Racism hurts. In fact, it destroys, and the destruction goes deep into a person's psyche.
Racism and prejudice are not the same. All racists are prejudiced. But racism combines a hateful prejudice with power. It's the power that gives prejudice teeth, transforming it into a force that works in individual lives and decisions, but even more importantly, it also spawns policies and systems capable of oppressing entire groups of people on the basis of race and ethnicity alone.
Without a doubt over my lifetime, we've made progress as a nation in our struggle with and against racism. Still, two factors combine to ensure that our struggle must continue.
First, systemic racism still exists, and in some situations it is on the grow.
Disproportionate numbers of African Americans end up in prison in this nation. Violence against black "suspects" fills our news: young people in hoodies, an asthmatic adult choked to death, a young man in Ferguson, Missouri gunned down by a police officer as he held his empty hands high above his head in a posture of surrender, organized attacks on various essential expressions of the Voters' Rights Acts threatened to call in question the legitimacy of our electoral process. I know black mothers who feel compelled to teach their children how to react to authority figures in our culture, especially police officers. Who am I to question their assessment of the world their children must face even today? Rather than question or minimize, I just need to listen and learn. I could go on. People who protest too much about any conversation involving the so-called "race card," make me wonder about their true worldview regarding the subject.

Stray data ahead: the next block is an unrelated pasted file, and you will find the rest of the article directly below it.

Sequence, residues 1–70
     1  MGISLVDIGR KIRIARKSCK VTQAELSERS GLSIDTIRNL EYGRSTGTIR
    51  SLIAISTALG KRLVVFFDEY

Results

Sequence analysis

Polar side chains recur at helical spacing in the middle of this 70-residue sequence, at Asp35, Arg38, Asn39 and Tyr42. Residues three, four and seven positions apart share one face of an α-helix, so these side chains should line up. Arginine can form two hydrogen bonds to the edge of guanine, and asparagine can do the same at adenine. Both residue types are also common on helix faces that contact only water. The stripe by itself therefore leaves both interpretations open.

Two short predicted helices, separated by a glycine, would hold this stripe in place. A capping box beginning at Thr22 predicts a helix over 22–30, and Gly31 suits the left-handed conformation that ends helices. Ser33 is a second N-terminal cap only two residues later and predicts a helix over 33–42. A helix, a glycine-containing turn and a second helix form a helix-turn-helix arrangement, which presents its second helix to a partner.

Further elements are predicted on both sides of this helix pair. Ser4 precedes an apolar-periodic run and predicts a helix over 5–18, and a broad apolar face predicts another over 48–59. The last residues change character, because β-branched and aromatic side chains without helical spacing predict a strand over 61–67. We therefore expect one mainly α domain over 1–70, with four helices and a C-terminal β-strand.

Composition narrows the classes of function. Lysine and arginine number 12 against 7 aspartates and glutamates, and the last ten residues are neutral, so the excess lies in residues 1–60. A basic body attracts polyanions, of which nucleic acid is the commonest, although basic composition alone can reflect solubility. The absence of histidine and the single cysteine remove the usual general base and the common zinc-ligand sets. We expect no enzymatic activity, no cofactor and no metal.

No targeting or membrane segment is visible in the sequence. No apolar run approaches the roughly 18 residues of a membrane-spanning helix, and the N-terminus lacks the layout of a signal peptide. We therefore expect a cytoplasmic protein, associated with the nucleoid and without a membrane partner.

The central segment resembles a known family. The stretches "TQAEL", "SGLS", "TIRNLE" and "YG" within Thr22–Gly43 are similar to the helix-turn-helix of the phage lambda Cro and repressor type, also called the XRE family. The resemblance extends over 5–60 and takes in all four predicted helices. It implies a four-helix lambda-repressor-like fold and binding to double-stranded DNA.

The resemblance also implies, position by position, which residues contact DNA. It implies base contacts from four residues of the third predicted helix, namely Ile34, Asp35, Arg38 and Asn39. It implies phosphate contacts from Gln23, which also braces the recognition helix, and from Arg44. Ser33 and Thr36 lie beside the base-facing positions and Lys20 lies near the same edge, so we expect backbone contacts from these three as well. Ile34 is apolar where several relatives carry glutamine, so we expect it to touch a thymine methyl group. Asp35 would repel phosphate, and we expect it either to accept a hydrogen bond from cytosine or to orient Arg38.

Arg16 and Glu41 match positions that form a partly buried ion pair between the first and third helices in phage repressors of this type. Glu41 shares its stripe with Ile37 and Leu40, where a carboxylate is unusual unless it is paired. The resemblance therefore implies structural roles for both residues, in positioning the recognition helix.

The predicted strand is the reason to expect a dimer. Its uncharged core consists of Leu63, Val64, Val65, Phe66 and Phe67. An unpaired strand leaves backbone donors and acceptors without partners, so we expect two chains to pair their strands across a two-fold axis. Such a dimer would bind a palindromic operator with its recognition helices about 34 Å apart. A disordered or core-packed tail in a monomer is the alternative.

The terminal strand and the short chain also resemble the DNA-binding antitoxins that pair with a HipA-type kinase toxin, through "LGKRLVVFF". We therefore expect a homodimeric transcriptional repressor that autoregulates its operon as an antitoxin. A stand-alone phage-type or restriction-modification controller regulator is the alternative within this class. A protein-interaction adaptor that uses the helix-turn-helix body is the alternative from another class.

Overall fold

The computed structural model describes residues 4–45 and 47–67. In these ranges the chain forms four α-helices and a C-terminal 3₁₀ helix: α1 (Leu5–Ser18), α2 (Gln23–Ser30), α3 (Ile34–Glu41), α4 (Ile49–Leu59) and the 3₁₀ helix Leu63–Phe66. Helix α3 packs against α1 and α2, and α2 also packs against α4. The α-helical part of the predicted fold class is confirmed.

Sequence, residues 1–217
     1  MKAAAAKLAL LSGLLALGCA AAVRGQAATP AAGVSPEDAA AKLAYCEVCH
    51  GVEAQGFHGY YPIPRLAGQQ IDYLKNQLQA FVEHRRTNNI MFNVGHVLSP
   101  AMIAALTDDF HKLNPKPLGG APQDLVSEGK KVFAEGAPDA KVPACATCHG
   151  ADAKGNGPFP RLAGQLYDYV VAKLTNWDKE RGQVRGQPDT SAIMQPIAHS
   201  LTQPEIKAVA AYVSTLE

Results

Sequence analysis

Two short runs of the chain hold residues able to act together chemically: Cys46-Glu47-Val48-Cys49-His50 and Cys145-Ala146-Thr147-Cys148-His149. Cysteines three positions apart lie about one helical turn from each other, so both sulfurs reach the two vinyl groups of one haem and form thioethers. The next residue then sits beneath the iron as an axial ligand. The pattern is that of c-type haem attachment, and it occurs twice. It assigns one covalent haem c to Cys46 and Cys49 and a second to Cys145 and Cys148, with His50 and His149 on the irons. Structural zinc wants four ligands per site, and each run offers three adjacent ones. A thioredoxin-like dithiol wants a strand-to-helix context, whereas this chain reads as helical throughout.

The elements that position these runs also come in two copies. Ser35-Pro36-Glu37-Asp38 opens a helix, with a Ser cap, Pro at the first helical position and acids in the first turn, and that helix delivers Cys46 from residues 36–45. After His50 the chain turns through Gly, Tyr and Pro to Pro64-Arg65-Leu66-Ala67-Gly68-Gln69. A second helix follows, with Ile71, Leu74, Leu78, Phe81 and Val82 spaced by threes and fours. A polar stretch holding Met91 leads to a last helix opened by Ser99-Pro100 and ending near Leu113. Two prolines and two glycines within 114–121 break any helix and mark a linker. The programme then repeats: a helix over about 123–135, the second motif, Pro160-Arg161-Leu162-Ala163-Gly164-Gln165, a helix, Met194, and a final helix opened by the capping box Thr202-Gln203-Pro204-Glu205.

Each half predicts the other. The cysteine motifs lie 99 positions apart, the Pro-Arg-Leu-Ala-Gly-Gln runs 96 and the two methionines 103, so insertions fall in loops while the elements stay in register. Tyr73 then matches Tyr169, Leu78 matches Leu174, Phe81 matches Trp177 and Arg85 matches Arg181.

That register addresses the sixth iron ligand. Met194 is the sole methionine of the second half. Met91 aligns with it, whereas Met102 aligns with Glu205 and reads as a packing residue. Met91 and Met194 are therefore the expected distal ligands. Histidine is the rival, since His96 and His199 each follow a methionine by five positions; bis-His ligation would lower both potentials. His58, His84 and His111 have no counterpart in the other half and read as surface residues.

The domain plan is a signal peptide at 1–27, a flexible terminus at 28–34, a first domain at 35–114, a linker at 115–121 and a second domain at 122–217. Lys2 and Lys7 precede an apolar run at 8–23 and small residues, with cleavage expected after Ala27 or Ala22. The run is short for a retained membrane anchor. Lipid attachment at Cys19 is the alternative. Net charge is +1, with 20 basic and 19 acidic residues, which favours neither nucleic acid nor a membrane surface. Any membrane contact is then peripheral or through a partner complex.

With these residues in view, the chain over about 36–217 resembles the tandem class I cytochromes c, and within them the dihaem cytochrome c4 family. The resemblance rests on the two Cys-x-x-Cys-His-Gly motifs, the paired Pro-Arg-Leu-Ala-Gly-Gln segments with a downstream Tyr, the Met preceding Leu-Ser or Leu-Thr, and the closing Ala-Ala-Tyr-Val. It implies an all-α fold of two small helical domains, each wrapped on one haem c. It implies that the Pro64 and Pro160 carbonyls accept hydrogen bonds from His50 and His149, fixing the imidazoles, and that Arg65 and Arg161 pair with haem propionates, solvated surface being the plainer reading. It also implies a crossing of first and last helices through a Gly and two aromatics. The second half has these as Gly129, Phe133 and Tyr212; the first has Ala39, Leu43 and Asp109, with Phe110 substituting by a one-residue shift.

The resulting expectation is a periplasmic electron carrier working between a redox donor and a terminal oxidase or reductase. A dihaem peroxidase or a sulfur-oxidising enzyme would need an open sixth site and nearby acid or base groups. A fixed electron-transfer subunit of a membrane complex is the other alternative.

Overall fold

Second, seasoned civil rights warriors have been defined in many respects by their experiences in the battle against racism. Such self-definition must be honored, not rudely brushed to the side.
Many activists in my generation simply cannot forget what went before the progress we have made. Frankly, it is unfair to ask them to forget that which has defined their lives so completely. White persons who insist on "moving on" or who urge us to forget the past in defensive responses to words like I am sharing right now, just don't understand. There is a time for simple listening in a real attempt to understand those who have been wounded and forever altered by the pain of the long night's struggle. The progress many white folks and even younger minorities want to quickly tout would not have been realized without the sacrifice of the generation that calls on us to never forget.
Sometimes being thoughtful means simply being silent, even when you don't agree, so that real hearing, listening and understanding can happen.